Only a few cells in a cancerous tumor are able to break away and spread to other parts of the body, but the curve along the edge of the tumor may play a large role in activating these tumor-seeding cells, according to a new University of Illinois study.
Using engineered tissue environments in various shapes and patterns, the study of skin cancer found that the more curved the cell cultures were, the more cancer cells at the edges displayed markers o f#stem cell characteristics – the key to spreading to other tissues.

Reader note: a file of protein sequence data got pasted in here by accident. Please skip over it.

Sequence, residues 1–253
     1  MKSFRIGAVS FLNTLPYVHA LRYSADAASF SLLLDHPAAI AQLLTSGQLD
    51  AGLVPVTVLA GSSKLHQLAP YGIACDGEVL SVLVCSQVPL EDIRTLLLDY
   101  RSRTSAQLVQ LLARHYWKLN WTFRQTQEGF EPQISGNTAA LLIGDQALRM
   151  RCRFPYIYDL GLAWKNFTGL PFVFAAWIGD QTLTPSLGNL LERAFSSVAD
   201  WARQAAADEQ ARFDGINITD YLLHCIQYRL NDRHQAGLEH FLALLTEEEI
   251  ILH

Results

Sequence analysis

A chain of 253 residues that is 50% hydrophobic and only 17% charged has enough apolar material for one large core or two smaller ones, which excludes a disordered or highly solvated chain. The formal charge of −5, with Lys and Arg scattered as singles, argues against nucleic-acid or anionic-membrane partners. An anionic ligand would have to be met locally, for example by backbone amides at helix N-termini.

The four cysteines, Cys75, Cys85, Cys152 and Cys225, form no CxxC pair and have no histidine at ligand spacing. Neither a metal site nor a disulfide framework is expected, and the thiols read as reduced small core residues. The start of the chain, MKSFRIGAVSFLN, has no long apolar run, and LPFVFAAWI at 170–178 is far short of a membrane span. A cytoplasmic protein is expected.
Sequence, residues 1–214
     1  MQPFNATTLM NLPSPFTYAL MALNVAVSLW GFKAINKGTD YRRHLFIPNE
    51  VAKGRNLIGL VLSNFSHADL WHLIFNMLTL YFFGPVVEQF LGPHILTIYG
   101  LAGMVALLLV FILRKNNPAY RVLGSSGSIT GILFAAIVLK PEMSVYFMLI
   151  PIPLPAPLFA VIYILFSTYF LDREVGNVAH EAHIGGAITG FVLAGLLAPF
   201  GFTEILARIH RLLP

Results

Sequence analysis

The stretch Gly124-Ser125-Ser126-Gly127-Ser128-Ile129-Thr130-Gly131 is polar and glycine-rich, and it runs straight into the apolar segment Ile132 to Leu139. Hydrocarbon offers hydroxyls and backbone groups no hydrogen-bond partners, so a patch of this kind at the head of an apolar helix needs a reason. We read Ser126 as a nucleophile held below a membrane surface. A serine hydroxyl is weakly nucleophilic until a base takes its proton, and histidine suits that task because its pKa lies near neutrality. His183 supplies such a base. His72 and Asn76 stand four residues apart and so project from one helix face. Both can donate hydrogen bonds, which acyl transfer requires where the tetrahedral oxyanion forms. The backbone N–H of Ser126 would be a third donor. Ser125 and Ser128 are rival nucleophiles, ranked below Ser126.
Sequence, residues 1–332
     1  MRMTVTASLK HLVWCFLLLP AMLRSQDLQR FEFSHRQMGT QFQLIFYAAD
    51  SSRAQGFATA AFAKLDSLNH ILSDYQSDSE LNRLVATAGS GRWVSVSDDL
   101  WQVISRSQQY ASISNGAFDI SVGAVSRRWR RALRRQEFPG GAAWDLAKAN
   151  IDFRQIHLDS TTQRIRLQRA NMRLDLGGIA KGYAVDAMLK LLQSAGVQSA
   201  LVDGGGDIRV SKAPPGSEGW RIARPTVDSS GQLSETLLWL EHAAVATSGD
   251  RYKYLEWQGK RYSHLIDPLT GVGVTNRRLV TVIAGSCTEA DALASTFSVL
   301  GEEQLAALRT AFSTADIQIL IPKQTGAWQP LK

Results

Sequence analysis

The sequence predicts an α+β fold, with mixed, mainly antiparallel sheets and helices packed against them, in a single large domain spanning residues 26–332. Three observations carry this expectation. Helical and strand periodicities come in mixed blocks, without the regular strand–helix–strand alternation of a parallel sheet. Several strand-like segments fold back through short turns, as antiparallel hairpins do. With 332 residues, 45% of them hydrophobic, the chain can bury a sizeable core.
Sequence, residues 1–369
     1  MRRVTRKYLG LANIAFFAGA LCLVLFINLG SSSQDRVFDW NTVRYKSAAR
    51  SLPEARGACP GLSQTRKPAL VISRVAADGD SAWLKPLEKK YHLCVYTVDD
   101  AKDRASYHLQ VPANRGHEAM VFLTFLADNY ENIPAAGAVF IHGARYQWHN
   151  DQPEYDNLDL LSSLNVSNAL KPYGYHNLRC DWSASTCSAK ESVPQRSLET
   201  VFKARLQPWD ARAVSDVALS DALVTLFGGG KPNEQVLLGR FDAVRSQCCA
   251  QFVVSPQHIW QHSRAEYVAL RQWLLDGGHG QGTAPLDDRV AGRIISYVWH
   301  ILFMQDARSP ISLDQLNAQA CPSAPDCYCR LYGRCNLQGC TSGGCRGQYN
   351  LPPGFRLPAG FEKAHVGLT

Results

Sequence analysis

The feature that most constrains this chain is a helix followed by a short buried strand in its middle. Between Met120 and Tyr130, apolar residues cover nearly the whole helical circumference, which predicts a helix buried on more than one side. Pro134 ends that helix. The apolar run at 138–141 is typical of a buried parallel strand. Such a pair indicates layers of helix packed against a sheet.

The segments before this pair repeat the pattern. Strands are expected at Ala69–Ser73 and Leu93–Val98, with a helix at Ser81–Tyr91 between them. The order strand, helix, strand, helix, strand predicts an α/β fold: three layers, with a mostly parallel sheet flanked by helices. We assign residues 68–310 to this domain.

This has potential for furthering our understanding of cancer as well as developing personalized treatment plans.
Led by Kristopher Kilian, a professor of materials science and engineering, and Timothy Fan, a professor of veterinary medicine, the researchers published their findings in the journal Nature Materials.
“The most dangerous part of cancer is metastasis,” Kilian said. “Some cells that we call #cancer stem cells adopt deadly characteristics where they can travel through the bloodstream to other tissue and form new tumors.”
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